WASHINGTON — The Senate late Wednesday passed a record $2 trillion coronavirus-related stimulus package with money for American workers and businesses, overcoming a daylong effort by U.S. Sen. Ben Sasse of Nebraska to cap the bill’s boost in jobless benefits.
The bill passed unanimously, 96-0. Sasse voted against last week’s coronavirus relief package.
The 883-page measure is the largest economic relief bill in American history, roughly half the size of the annual $4 trillion federal budget. It earmarks aid for workers, businesses and the nation’s health care system, all of which are coping with the novel coronavirus pandemic.
The Senate bill, which President Donald Trump has said he would sign if the House passes it Friday, intends to blunt the effects of a sputtering economy and to help a nation facing a grim toll from an infection that has killed nearly 20,000 people worldwide. U.S. deaths from the disease crested 1,000 on Wednesday.
U.S. Treasury Secretary Steven Mnuchin has said that the bill could help keep the American economy afloat for about three months but that he hopes it won’t have to do so.
The bill would provide one-time direct payments to Americans of $1,200 per adult making up to $75,000 a year, and $2,400 to a married couple making up to $150,000, with $500 payments per child.
It would expand unemployment benefits and provide a $367 billion program for small businesses to keep making payroll while workers stay home.
And it would send hospitals fighting the disease an estimated $130 billion and set aside another $45 billion for state and local government and community services.
Trump had urged quick passage but said, “I don’t think it’s going to end up being such a rough patch.” Once the country is past the pandemic, he said, the economy will soar “like a rocket ship.”
Five days of arduous talks produced the bill, creating tensions among top congressional leaders, who each took care to tend to party politics as they maneuvered and battled over crafting the legislation. But failure is not an option, nor is starting over, which permitted both sides to include their priorities.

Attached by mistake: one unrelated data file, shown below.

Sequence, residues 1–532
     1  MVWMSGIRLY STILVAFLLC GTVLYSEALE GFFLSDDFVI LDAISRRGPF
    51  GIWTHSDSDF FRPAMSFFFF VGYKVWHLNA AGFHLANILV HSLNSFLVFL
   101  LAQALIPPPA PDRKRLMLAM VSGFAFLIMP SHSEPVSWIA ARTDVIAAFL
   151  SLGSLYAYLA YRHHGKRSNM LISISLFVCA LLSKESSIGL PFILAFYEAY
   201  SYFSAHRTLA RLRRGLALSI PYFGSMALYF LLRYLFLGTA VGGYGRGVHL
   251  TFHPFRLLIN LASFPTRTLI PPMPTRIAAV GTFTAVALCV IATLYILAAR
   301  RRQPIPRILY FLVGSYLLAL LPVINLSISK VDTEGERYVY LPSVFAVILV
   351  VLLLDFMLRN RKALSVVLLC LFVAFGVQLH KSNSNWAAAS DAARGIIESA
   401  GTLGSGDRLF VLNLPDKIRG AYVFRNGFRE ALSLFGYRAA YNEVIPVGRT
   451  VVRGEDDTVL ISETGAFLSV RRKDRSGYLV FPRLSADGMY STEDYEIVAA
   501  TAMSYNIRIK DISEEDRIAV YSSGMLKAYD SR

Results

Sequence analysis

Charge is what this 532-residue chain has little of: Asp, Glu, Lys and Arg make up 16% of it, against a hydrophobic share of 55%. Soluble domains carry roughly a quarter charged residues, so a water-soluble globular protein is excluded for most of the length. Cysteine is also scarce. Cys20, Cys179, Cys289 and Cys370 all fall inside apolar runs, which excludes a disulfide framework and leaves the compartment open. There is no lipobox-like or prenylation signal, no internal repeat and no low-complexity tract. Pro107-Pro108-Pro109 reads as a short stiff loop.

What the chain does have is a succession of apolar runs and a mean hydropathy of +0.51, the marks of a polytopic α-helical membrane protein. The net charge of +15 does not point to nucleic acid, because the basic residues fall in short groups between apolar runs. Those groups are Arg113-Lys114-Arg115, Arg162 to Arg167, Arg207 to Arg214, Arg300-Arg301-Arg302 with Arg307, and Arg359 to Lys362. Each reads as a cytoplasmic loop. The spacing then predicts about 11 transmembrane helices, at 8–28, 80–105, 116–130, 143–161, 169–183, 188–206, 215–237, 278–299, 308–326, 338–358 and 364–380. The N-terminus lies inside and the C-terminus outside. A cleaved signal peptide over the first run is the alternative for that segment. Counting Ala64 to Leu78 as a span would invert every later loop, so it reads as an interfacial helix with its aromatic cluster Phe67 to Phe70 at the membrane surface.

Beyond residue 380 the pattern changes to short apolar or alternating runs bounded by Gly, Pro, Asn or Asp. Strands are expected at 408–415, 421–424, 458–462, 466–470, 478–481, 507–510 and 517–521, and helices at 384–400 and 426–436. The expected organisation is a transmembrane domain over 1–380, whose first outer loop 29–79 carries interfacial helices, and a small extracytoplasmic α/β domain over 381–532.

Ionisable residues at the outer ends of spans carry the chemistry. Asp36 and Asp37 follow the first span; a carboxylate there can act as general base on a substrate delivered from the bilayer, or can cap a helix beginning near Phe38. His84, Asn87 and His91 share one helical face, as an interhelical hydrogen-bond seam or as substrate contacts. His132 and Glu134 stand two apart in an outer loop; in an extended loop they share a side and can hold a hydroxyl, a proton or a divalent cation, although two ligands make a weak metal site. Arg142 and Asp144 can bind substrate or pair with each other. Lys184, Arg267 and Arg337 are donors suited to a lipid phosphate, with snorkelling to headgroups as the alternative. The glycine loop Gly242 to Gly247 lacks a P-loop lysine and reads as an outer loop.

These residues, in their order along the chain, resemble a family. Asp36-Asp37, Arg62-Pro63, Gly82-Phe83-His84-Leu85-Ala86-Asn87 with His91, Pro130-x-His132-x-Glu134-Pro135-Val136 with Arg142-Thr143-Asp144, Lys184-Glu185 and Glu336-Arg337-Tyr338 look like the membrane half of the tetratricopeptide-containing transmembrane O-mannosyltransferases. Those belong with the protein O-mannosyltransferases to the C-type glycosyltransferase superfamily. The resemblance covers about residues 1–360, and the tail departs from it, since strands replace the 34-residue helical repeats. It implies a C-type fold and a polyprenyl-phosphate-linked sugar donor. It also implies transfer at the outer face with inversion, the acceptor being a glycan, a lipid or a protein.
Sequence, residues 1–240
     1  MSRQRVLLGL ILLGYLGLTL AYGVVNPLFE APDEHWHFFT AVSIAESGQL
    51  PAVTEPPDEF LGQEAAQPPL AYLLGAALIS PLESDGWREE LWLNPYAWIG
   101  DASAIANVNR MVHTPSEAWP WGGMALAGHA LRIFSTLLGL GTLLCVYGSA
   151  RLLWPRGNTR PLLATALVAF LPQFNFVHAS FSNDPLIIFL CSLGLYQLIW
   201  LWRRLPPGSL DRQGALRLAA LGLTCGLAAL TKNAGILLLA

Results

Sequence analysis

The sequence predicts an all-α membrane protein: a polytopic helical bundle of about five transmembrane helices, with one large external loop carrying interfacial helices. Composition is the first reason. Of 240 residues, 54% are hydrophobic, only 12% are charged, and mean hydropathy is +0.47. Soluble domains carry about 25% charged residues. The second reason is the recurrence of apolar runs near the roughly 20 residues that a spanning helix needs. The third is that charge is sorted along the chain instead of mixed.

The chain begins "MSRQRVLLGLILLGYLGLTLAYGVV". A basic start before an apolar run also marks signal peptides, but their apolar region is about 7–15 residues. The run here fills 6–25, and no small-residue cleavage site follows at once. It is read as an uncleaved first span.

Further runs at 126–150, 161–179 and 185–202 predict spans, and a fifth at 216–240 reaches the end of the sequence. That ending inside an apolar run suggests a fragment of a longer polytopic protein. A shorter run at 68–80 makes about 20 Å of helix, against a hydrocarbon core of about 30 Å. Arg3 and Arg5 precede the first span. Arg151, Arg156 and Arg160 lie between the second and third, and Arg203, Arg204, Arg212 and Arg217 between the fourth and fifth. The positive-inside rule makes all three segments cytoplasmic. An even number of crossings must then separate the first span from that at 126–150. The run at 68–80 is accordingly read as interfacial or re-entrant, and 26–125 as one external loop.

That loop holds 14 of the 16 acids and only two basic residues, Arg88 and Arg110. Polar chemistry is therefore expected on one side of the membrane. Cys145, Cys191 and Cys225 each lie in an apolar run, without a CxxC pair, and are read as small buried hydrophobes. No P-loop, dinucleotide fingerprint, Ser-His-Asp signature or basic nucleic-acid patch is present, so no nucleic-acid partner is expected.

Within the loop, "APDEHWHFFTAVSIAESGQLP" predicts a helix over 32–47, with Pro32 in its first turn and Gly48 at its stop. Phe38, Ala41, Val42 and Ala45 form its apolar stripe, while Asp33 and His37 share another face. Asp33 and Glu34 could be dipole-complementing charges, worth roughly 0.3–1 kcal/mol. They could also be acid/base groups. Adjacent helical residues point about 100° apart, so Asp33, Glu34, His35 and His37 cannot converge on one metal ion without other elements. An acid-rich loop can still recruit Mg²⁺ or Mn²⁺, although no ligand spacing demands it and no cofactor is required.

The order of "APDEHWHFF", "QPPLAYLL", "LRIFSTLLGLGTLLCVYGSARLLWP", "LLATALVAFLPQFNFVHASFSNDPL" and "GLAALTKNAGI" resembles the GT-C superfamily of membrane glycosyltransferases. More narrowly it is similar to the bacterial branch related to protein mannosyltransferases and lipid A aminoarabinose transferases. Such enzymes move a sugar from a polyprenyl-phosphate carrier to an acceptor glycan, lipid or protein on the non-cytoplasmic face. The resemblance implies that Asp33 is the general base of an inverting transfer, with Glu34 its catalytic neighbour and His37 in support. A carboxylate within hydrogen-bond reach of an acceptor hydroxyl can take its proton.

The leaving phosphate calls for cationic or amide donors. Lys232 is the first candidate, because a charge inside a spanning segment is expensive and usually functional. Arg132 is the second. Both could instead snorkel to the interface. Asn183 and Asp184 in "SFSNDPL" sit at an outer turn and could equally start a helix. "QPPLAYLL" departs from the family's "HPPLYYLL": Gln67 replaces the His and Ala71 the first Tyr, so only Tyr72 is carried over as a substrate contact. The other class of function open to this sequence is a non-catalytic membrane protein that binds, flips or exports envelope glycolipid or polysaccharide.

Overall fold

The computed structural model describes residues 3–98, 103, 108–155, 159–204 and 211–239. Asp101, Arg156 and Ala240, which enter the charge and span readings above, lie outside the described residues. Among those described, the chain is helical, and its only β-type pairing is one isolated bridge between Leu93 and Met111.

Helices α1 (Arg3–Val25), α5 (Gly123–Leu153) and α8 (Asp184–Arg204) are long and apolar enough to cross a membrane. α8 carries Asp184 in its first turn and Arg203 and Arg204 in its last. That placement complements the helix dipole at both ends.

“That Washington drama does not matter any more,” Senate Majority Leader Mitch McConnell said. “The Senate is going to stand together, act together, and pass this historic relief package today.”
The vote on the package, which had been expected by midafternoon Wednesday, was delayed until 10:30 p.m. by Sasse and a handful of fellow Republican senators, Sens. Tim Scott and Lindsey Graham of South Carolina and Rick Scott of Florida.
They had objected to the way the bill handled a proposed increase in unemployment benefits. At issue, Sasse and the others said, was the addition of $600 a week in federal money on top of state unemployment benefits, regardless of the person’s previous earnings.
Furloughed workers would get whatever amount a state usually provides for unemployment insurance benefits, plus the $600 per week, with gig workers like Uber drivers covered for the first time.
Sasse’s concern, he told The World-Herald, was that some people could make more money on unemployment than by working at a grocery store, gas station or pharmacy, even in-home health care. So, in theory, a worker, with help from a cooperative employer, might choose unemployment over a job.
That, the GOP foursome argued, risked leaving critical sectors of the economy with too few workers and might force employers to pay more to fill critical jobs during a crisis that’s already hurting many businesses’ bottom lines.